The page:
‘I thought if I helped raise some money, I can get a job. But that didn’t work out.’- Ahlam Jaoui
Tuesday, June 28, 2016
A high-profile cabby advocate whose wife needs the city’s OK for a women-only livery service admitted to The Post on Monday that he raised campaign cash for Mayor Bill de Blasio and funneled it through an unemployed Brooklyn woman.
Fernando Mateo, founder of the New York State Federation of Taxi Drivers, came clean about the blatant violation of election law after The Post learned he had personally solicited a donation for Hizzoner and then had Ahlam Jaoui take credit for it.
The 31-year-old Bay Ridge woman, who has no political or fundraising experience, claims in campaign finance records to have collected 15 donations totaling $18,800 that were given to the de Blasio campaign in January.
One of those contributions came from Oscar Herasme, a Florida lawyer, who confirmed he gave $2,500 to the mayor’s 2017 re-election bid — but when asked about Jaoui said, “It wasn’t through her.”
“I find it odd that the bundler for any donations is someone I never met,” said Herasme, who declined to say who solicited his contribution.
Another $2,500 donor, Damian Rodriguez of First Class Car & Limo, noted he has no particular loyalty to de Blasio.
“Fernando Mateo called me and asked me to give some money to that woman,” he said. “I’ve known him for a long time, since 1997, so I help him when I can.”
The revelations come as de Blasio’s fundraising operations are being probed by both New York US Attorney Preet Bharara and Manhattan District Attorney Cyrus Vance Jr.
Mateo, a well-known Republican supporter, told The Post that he “called my people” to give money to Democrat de Blasio’s campaign and had Jaoui take credit for the donations. Mateo’s name does not appear on Jaoui’s January campaign finance report.
He claims that his motive was to help Jaoui land a city job.
“That’s the way politics works,” Mateo said. “If Ahlam worked hard for his candidacy, you’d think [the mayor] would say, ‘I employ thousands of people, why not at least bring her in for an interview?’
“But she didn’t get s–t. That’s a pisser because I thought she would get something out of it,” he added. “There are people who raise millions for a president and earn an ambassadorship. When you work hard, you get rewarded or at least remembered.”
Mateo denied that he was seeking to curry favor with the administration to get his wife Stella’s app-based car service off the ground, explaining that while he and de Blasio “haven’t always seen eye to eye, I think he is an honorable man who can do good for this city and that’s why I tried to raise money for him.”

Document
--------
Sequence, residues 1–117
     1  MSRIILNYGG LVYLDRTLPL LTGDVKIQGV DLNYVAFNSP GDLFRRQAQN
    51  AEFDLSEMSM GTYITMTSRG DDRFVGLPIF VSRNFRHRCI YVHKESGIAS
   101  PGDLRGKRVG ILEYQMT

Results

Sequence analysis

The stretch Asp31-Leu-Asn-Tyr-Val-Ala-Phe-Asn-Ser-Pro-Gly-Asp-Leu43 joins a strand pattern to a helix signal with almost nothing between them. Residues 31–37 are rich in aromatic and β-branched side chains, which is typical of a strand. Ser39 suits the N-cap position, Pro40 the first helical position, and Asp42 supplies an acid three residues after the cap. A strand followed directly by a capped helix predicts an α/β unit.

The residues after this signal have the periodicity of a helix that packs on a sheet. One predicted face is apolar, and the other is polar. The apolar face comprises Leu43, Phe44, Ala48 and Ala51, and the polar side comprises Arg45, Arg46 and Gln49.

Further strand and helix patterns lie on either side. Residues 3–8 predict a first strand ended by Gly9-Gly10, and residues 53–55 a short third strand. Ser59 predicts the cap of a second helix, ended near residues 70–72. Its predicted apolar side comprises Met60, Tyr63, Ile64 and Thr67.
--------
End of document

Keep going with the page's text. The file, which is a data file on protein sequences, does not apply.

“I’m the epitome of what it is to be a good New Yorker,” said Mateo, who is also president of the group Hispanics Across America.
In 2014, Jaoui was photographed wearing a Muslim headscarf and was quoted as saying how she wanted to be a driver for Stella Mateo’s SheRides business.
“It’s an opportunity for Muslim women,” Jaoui said at the time.
Stella Mateo has since renamed her business either SheHails or SheTaxis, although it appears the project is currently on hold.
“The people developing the app weren’t as good as they said they were going to be,” Fernando Mateo said. “So we’re still working on it.”
Taxi and Limousine Commission spokesman Allan Fromberg said the Mateos sought information about getting licensed in March, but “nothing came of it.”
Jaoui appeared with Mateo at a 2013 rally protesting the suspension of Yankees slugger Alex Rodriguez for using performance-enhancing drugs, and she’s being represented in a pending Manhattan DWI case by a lawyer who has joined Mateo at several news conferences.
Jaoui’s role as a de Blasio fundraiser was first reported Monday by the City Council Watch blog.
“I just looked at the filing and didn’t recognize this name, so I thought I would try to figure out who she was,” blogger Seth Barron said. “Typically, bundlers are fairly well-known or powerful people . . . It seemed totally anomalous.”
Jaoui said she learned about bundling campaign contributions from “someone that worked for the prior administration,” adding, “I thought if I helped raise some money, I can get a job. But that didn’t work out.”
Under state election law, it’s a misdemeanor for anyone to make a campaign contribution “in any name except his own, directly or indirectly.”
In 2013, the mayoral campaign treasurer and a fundraiser for then-city Comptroller John Liu were sentenced to 10 and four months in prison, respectively, after they were convicted of federal fraud charges in a straw-donor scam.
Of the Mateo/Jaoui bundling, de Blasio campaign spokesman Dan Levitan said, “Jaoui was listed as the intermediary based on information provided to the campaign. We will review the filing and amend if appropriate.”
Also on Monday, de Blasio’s campaign said it still hadn’t decided whether to return suspicious donations that are tied to one of its biggest supporters, the Broadway Stages production company, three weeks after The Post first reported the contributions.
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Additional reporting by Reuven Fenton and Rich Calder